Hero Interview from Rescued by the Firefighter by Gail Gaymer Martin with Giveaway

» Posted on Mar 26, 2014 in Blog | Comments Off on Hero Interview from Rescued by the Firefighter by Gail Gaymer Martin with Giveaway

This week I’m hosting Gail Gaymer Martin with Rescued by the Firefighter (she will give away 2 copies of The Firefighter’s New Family US and Canada only) and Janet Bly with The Lost Manuscript of Martin Taylor Harrison (US and Canada only). If you want to enter the drawings for the books, please leave a comment on your post with your email address. I will not enter you without an email address (my way to contact you if you win). If you don’t want to leave an email address, another way you can enter is to email me at margaretdaley@gmail.com. The drawings end Sunday (Mar. 30th) evening.

Rescued By The FirefighterInterview with Clint Donatelli, hero of Rescued by the Firefighter by Gail Gaymer Martin:

1. Clint, tell me the most interesting thing about you.

I’m not sure if there’s much interesting about me.Some would think it’s interesting that I’m 37 and never been married, although I came close once. But more people might be interested that my childhood dream came true. When people asked me what I wanted to be when I grew up, I always said a fireman. That’s not politically correction now since women are also firefighters, but that was my dream. I wanted to serve people in an important way, and saving lives is about the most important thing I can think of. 

2.  What do you do for fun?

Being a firefighter and working the crazy shifts we work doesn’t give me a lot of time for fun. On top of that, we’re on call for emergencies. But I suppose one thing I like to do is exercise and I can do that at the station. I also enjoy sports—Lions, Tigers, Red Wings, Pistons, you name the team and I’m cheering them on.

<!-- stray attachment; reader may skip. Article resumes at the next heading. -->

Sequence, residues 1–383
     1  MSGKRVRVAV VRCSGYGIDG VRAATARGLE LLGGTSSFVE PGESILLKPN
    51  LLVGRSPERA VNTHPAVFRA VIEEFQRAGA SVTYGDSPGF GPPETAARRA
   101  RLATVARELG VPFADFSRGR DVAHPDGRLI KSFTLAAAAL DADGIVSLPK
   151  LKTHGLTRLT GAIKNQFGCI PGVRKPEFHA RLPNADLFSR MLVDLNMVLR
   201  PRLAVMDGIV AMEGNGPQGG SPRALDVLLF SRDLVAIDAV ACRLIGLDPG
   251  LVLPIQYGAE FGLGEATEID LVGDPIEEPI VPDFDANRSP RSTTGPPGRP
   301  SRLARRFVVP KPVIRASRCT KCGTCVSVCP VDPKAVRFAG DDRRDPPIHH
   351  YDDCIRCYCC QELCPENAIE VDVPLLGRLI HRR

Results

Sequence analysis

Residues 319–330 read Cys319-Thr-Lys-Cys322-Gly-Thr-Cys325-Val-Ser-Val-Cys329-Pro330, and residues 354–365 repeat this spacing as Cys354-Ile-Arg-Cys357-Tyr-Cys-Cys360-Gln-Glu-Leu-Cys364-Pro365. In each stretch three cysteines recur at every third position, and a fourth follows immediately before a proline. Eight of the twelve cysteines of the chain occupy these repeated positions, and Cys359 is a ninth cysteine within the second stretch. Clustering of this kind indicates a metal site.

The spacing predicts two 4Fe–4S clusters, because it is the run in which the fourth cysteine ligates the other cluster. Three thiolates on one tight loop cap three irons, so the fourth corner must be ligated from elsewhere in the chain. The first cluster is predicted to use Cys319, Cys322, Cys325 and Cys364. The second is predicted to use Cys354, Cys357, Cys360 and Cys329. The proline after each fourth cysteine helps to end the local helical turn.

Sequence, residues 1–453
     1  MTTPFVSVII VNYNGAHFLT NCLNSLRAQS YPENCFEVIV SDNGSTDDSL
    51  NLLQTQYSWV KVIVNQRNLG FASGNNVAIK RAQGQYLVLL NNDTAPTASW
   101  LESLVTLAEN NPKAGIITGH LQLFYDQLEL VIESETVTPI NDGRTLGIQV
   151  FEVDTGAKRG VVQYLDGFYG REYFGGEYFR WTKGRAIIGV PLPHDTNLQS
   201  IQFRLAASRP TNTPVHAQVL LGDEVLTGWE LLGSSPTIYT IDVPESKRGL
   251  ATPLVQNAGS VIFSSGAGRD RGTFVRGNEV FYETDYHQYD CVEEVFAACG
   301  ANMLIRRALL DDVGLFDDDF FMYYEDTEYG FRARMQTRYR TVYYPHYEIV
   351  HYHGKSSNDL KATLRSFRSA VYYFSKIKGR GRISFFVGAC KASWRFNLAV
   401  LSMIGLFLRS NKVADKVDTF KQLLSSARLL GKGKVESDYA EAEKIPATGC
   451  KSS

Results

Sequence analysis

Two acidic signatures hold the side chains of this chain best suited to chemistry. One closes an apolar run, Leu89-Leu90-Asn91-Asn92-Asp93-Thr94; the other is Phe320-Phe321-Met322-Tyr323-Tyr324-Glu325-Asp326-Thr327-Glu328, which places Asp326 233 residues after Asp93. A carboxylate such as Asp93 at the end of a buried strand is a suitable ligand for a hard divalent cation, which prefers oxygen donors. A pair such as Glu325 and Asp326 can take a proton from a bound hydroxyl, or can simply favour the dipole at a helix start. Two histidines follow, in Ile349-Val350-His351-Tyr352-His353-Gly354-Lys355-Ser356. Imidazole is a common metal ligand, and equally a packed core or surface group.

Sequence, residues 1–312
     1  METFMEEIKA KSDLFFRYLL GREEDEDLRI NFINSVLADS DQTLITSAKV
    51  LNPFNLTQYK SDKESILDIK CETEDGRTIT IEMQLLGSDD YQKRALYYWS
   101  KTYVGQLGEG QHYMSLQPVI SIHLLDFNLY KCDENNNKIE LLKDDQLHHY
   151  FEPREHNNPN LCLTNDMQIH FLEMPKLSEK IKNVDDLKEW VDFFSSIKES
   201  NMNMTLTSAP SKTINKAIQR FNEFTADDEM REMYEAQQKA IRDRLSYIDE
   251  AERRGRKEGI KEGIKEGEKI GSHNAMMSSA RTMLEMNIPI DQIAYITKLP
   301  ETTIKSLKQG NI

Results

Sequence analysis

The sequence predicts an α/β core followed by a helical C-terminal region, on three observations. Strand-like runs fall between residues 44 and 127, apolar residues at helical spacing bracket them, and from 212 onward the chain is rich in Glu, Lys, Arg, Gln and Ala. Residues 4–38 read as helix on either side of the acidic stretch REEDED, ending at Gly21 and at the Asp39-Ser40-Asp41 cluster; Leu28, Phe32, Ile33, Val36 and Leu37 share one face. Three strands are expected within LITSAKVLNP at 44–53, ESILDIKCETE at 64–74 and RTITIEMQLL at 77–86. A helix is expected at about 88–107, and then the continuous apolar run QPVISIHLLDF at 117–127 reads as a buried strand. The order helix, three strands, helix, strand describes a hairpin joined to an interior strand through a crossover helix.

3.  What do you put off doing because you dread it?

A bad romance made me uneasy about dating. I dread people trying to fix me up with blind dates. You know how it is, ‘I have this great friend who–’ or ‘my wife has a friend who–.’ I figure it’s safer to avoid them than let a woman stab me in the heart again. 

4.  What are you afraid of most in life?

Not saving a life that I could have saved if I’d followed my training. Fighting a fire is obviously dangerous, and most people’s natural instinct is to save themselves, but being a firefighter, I have to push the instinct inside and do my job. If I fail because I’m at fault, I would never forgive myself. 

5.  What do you want out of life?

I want to know I’ve done my best in my career and in my life by showing compassion, concern, and kindness to others and to know I’ve done my best to follow the Ten Commandments. 

6.  What is the most important thing to you?

The most important thing is to have peace of mind that I am likeable and loveable and also someday to understand what happened to end my engagement so I can fix the flaw I have.  

7.  Do you read? If so, what is your favorite type of book to read?

Firefighters are always reading training manuals, but I’m sure you meant reading for enjoyment. I love a good suspense or thriller. Harlan Coben is one of my favorite novelists.

8.  If you could change one thing about yourself, what would it be?

I would like to be more trusting and confident in who I am. I was confident once, but when someone you love and someone you think loves you walks away without an explanation, your world can spin in the wrong direction. I’ve been on the wrong edge since it happened. Then I think if I were stronger I’d get over it. 

9.  Do you have a pet? If so, what is it and why that pet?

I had dogs as a kid and loved them, but firefighters work long, crazy shifts, and when you’re single and live alone, it’s nearly impossible. Maybe one day. I’d like that. Or I could get a gold fish or hamster. 

10. If you could travel back in time, where would you go and why?

I’ve never thought about this. I like the lifestyle of the 1950s—family, fast food, rock and roll, a time of innocence—but if I had to go back, I’d like to return to my early 30s and redo my life. . . but then, maybe not. We learn from every experience. Since I still have a lot of things to learn, I’m pretty much happy just where I am.